I/O Bug on OxygenOS 4 is Causing Deleted Files to Still Take up Space

I/O Bug on OxygenOS 4 is Causing Deleted Files to Still Take up Space

You’ve just finished flashing a ROM update from our forums and want to clean up the installation files to save storage space. You open up MiXplorer by XDA Recognized Developer HootanParsa and navigate to where you saved the ROM files. You then delete the files to reclaim some storage space – or so you thought.

Apparently, there’s an I/O bug on OxygenOS that affects the OnePlus 3 and OnePlus 3T that is causing some storage misbehavior oddities such as the inability to regain storage space after deleting some files. When users attempt to delete a file using any file manager app apart from the stock Android file picker or the OnePlus file manager, the storage allocated to that file does not get freed up as it should be. The only way to reclaim this storage space is to reboot the phone.


Storage Bug on OxygenOS 4.X.X

Users of the blu_spark kernel by XDA Recognized Contributor eng.stk first encountered this bug a few weeks ago. What they discovered was that certain files, usually zip files, fail to have their claimed storage space de-allocated once the user sets to delete them using third-party file explorers (such as the aforementioned MiXplorer, Root Explorer, Solid Explorer, FX File Explorer, etc.) or multimedia applications. Furthermore, if a user tries to delete a file and it misbehaves, the users discovered that subsequent file deletions would also start becoming buggy, until they rebooted.

What you would normally expect to happen after deleting files: your storage space being reclaimed

XDA Senior Member Reli4nth was able to replicate this bug even on non-OxygenOS ROMs (such as Resurrection Remix) consistently by performing the following steps with Solid Explorer:

  1. Copy a ROM zip file (530MB) from OTG to internal storage. Available storage space decreases.
  2. Duplicate the ROM zip. Available storage space decreases.
  3. Delete the duplicated ROM zip. Available storage space remains the same.
  4. Delete the original ROM zip. Available storage space remains the same.

What we would normally expect is that the available storage space would decrease by ~1GB after copying and then duplicating the ROM zip, but then that storage space would be reclaimed by deleting both the duplicated and the original ROM zip. But that wasn’t the case, even on this non-OxygenOS ROM. So what’s going on? It isn’t exactly clear what is causing this bug, but eng.stk believes that this bug is related to OnePlus’s implementation of SDCardFS, and that any custom ROM that includes certain storage binaries from OxygenOS is also affected by this bug.


SDCardFS and the Storage Bug

Eventually, users discovered that this bug was not affecting ROMs that had disabled SDCardFS. eng.stk believes that this bug is related to SDCardFS behavior in Android Nougat and userspace permissions, and states that a simple kernel update alone won’t fix this issue. Instead, the solution is simply to disable SDCardFS entirely, at least for the time being. You can force any ROM that has SDCardFS enabled by default to disable it and drop back to FUSE by commenting out a specific line in /system/build.prop.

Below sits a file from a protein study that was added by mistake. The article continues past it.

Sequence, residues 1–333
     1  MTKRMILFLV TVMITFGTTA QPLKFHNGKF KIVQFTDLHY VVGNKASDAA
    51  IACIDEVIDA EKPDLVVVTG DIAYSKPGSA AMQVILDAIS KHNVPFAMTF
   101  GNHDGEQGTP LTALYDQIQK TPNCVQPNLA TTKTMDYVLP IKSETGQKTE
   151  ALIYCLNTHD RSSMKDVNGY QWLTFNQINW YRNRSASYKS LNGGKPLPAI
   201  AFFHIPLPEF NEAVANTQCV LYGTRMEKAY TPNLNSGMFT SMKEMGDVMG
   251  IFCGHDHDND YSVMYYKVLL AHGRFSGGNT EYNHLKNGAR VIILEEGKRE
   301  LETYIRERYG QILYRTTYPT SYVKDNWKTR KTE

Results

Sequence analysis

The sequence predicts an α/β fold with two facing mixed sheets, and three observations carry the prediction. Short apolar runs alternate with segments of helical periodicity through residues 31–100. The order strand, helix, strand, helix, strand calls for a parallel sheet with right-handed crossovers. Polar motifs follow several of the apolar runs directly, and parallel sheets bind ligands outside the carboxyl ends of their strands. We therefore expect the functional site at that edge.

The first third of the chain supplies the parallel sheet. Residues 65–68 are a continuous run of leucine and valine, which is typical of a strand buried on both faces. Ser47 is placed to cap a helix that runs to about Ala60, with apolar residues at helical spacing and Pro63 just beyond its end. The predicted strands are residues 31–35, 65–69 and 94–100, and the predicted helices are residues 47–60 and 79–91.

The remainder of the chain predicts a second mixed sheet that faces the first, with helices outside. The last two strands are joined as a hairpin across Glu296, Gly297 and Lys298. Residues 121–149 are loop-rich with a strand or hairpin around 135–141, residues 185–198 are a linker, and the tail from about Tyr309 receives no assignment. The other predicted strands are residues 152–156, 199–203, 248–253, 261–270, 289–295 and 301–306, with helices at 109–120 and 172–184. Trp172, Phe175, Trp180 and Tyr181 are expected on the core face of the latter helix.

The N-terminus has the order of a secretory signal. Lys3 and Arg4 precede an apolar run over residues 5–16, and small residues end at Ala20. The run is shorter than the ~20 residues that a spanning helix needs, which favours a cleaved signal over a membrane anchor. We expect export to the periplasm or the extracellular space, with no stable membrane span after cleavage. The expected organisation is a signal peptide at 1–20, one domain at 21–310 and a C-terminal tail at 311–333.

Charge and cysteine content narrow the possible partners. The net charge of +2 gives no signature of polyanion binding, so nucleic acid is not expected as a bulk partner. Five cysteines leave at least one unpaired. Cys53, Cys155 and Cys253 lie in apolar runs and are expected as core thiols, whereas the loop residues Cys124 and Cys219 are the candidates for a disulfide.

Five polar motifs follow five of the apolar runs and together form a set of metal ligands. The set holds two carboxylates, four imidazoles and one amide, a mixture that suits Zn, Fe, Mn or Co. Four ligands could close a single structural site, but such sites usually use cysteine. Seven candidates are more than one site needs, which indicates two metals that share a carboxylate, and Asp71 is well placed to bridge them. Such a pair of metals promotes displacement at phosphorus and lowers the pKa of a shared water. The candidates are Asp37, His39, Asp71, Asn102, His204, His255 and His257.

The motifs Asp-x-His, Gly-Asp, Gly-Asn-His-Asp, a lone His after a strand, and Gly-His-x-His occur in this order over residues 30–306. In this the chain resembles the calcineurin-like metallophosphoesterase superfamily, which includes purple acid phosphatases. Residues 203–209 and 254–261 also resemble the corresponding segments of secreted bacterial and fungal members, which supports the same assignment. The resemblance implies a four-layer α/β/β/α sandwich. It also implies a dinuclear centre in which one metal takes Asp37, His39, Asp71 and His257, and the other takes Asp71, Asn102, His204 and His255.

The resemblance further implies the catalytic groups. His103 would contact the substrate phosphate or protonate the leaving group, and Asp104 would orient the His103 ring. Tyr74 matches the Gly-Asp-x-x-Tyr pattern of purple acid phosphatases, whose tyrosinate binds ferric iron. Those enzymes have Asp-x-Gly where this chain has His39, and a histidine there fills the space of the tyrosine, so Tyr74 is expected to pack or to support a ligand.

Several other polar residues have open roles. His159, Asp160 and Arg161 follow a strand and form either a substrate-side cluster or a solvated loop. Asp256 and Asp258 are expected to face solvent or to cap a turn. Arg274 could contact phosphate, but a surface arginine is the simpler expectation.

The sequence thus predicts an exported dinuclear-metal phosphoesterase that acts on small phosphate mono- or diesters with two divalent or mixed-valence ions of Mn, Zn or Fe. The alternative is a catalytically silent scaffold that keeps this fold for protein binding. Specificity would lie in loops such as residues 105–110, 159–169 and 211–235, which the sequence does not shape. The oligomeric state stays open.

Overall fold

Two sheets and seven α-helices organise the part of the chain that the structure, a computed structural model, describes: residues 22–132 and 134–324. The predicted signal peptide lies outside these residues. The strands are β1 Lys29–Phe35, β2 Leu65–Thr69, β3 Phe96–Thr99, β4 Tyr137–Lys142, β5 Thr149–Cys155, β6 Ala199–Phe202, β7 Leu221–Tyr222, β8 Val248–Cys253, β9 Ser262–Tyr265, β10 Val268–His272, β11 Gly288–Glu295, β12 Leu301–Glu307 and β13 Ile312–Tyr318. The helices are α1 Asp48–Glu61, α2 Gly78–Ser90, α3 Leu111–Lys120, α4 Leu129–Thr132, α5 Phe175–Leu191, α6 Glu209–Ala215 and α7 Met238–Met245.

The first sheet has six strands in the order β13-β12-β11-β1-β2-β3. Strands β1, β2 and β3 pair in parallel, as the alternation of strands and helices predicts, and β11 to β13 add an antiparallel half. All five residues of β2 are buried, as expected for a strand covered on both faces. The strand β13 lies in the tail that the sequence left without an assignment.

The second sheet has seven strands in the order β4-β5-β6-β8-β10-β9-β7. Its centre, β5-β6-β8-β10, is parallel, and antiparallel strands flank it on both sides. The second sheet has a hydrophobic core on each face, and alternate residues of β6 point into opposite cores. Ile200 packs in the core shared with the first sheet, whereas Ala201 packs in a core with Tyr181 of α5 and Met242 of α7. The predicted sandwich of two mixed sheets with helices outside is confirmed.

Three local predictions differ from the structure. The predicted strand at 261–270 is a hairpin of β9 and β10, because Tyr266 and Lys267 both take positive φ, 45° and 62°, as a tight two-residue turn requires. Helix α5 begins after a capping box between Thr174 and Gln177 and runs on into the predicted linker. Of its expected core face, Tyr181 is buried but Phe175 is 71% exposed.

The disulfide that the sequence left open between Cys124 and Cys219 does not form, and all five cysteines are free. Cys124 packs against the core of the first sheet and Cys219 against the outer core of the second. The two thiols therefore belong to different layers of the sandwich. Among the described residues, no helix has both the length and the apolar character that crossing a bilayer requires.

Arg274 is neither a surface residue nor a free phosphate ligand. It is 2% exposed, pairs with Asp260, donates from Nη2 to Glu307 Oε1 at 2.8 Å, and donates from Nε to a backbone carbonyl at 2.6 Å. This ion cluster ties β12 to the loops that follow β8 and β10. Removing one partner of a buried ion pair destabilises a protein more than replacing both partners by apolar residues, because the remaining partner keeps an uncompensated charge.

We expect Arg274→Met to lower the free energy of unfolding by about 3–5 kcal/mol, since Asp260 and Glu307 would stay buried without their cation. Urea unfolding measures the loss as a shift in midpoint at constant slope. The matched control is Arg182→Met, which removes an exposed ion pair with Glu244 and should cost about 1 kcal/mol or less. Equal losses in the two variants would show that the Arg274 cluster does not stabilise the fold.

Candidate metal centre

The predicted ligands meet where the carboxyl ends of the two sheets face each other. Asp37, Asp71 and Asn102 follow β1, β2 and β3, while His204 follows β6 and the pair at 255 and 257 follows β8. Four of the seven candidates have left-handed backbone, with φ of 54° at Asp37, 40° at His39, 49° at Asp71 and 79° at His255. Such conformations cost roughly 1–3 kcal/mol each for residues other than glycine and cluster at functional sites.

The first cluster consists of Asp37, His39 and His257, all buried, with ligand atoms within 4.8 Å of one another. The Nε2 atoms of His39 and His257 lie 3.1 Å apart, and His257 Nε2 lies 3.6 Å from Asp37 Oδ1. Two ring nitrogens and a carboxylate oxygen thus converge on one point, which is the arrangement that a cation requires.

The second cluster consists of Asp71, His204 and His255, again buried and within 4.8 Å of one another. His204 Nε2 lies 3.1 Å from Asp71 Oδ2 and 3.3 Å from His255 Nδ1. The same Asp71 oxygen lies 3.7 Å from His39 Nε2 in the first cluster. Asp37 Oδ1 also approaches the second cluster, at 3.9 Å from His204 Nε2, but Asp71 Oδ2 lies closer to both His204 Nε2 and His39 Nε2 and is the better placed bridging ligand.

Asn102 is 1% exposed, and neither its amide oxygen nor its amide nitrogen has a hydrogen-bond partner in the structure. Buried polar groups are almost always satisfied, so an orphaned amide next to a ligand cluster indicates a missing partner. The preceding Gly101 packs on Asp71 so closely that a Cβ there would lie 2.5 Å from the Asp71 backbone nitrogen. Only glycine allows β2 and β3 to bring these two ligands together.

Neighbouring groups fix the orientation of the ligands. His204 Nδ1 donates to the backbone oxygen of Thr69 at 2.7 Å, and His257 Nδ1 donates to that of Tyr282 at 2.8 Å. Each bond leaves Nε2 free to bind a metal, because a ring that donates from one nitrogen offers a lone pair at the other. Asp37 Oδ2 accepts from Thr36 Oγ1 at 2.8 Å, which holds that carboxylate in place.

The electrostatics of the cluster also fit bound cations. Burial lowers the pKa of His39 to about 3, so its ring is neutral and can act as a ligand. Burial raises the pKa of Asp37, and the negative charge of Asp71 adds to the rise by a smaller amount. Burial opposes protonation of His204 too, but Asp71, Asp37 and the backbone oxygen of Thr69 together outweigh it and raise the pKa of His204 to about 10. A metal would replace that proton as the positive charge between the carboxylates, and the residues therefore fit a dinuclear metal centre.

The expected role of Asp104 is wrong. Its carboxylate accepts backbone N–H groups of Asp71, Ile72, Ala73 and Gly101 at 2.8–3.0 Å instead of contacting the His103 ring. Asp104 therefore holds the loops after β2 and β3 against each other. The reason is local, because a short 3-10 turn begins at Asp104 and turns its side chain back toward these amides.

Change

ro.sys.sdcardfs=true

to

#ro.sys.sdcardfs=true

If you would like to implement this fix without modifying the /system partition, then you can also enable a Magisk module created by eng.stk. Just download the zip, import it into Magisk Manager, enable the module, then reboot your device.

For a detailed explanation of what SDCardFS is, I highly recommend you read through my previous article on this subject. The gist of it is that SDCardFS is an in-kernel solution for managing the virtual filesystems on Android. It allows for /data/media (your device’s “external” storage, AKA /sdcard AKA /storage/emulated) to be emulated as a FAT32 filesystem even though /data is mounted as EXT4. This is necessary because Google wanted to give Android apps the permission to access only their own data folders by default in the external storage, so that app data can be isolated from other apps unless another app has been explicitly granted the permission to read the external storage by the user.

Samsung originally developed SDCardFS as a replacement for FUSE (Filesystem in Userspace) which accomplished this same task, however, FUSE had several problems such as increased I/O overhead, double caching, and odd file management behaviors which you can read about in more detail in my previous article. As a result of FUSE’s drawbacks, several OEMs such as Huawei and OnePlus have started using SDCardFS in place of FUSE in their devices. Even Google is moving to SDCardFS for Android O as well, for example.


Awaiting an Official Fix

We were first notified of this bug by eng.stk on April 2nd, 2017. We notified our contacts at OnePlus shortly thereafter, but because our contacts were on holiday until April 7th, we did not hear back. We have followed up on this matter, but we still have not heard a response from OnePlus’s engineering team. In the public interest, however, we decided that we would go ahead and notify the community regarding this I/O bug anyways.

Admittedly, this bug isn’t a huge deal as it in no way cripples functionality. It’s at most a minor inconvenience because all a user who is afflicted by this bug has to do is reboot the device to reclaim their storage space, or stick to using the stock file explorer applications.

However, a bug is a bug, and it’s not something we felt we should ignore given how many users are speaking up about it. We hope that by drawing attention to this issue, that OnePlus is able to fix this storage bug in a subsequent release of OxygenOS. We should note that we haven’t heard any examples of this bug afflicting Samsung or Huawei devices yet, but if it does affect your device, please do let us know!

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